Last week I asked “Would You Know How to Tweet an Emergency?”. Although I’m not an emergency responder, I hoped that we’d have more discussion about the role of Twitter in disasters. On March 8, a few days before the Sendai Earthquake and Tsunami, I tweeted:
(I realize full well how self-aggrandizing it seems to toot this, but that doesn’t matter – just go with it 😉
I’ve long thought that Twitter – frivolous a service as it seems – always had great potential for Healthcare and disaster response and management. What we need is a public discussion of how this particular medium can be used as effectively as possible.
One one hand, there is a natural flow of people working out these technologies as events arise without pre-planning. On the other, it’s important that we think ahead of the possibilities, limitations and nuances that need to be worked out.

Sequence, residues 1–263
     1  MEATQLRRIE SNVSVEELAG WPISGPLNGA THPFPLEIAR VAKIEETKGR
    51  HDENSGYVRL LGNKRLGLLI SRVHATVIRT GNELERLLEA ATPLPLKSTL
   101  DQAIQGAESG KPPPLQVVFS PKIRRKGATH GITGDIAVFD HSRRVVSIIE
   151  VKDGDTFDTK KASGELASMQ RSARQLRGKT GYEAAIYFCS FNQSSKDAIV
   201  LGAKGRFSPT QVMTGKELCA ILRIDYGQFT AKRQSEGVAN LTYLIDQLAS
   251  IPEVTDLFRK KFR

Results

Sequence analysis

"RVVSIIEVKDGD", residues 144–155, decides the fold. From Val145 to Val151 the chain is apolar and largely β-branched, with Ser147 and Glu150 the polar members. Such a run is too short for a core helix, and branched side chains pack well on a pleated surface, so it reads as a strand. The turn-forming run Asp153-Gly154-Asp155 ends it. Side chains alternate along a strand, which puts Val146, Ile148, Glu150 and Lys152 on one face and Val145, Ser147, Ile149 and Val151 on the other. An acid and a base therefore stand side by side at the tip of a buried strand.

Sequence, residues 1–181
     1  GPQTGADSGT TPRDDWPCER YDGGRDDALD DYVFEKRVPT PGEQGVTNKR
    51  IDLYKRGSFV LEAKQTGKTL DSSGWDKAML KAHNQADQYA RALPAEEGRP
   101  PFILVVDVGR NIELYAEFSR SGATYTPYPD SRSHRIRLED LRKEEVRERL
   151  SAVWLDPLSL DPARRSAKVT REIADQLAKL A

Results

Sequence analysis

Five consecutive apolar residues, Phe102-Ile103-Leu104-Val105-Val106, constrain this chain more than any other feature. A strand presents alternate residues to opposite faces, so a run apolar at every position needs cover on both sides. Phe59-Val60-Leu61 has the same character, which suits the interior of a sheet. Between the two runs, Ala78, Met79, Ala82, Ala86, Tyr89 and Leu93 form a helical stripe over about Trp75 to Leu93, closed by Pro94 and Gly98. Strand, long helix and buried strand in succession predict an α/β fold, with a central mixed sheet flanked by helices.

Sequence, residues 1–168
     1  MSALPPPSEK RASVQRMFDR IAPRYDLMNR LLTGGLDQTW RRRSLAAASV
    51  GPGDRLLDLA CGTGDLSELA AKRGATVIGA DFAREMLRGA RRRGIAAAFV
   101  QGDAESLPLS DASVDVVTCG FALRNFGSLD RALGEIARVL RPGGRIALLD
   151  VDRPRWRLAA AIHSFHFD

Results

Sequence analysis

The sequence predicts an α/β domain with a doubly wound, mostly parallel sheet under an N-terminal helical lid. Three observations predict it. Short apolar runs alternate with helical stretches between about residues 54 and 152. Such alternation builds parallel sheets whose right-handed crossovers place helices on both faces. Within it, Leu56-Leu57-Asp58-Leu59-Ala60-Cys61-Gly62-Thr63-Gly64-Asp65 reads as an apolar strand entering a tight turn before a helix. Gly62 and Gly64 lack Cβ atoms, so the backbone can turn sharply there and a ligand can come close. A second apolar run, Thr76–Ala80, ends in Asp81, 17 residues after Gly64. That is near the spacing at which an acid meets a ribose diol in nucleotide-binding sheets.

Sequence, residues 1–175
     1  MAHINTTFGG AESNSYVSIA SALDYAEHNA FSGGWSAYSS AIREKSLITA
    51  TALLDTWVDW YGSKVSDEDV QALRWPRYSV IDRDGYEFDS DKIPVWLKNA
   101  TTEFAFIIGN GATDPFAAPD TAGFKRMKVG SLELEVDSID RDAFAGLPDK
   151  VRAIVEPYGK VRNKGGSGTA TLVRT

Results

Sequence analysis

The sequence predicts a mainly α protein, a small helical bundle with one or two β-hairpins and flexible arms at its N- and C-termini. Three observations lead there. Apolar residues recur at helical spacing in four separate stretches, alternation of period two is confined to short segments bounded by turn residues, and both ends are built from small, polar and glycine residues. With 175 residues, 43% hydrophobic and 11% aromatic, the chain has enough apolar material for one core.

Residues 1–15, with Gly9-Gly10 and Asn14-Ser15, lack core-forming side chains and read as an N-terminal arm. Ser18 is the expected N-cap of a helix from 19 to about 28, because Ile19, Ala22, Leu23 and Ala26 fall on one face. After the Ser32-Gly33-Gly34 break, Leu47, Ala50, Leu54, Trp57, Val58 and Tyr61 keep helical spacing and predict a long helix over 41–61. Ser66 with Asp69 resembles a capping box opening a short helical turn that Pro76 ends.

For too long conversations about the role of Twitter have been owned by marketers and communicators. It’s a shame on two fronts: first, marketers are going to be disappointed if they invest too much hope in Twitter; and two, it overshadows potentially life-saving uses for this one-of-a-kind medium.
Let’s work on this problem. And here’s a point to think about: imagine if the use of voice for emergencies wanes and Twitter (and its analogues) become the primary medium of communication. How would that change your angle on the problem of how to use Twitter effectively?
So, here’s another appeal to my followers: please take a moment, read the post, come up with your own ideas and suggestions, and get the word out to discuss Distaster Response and Management in the Age of the Tweet.
I’m not the expert: I’m simply looking for experts to put their brains together on this one .
@PhilBaumann – @HealthIsSocial – Newsletter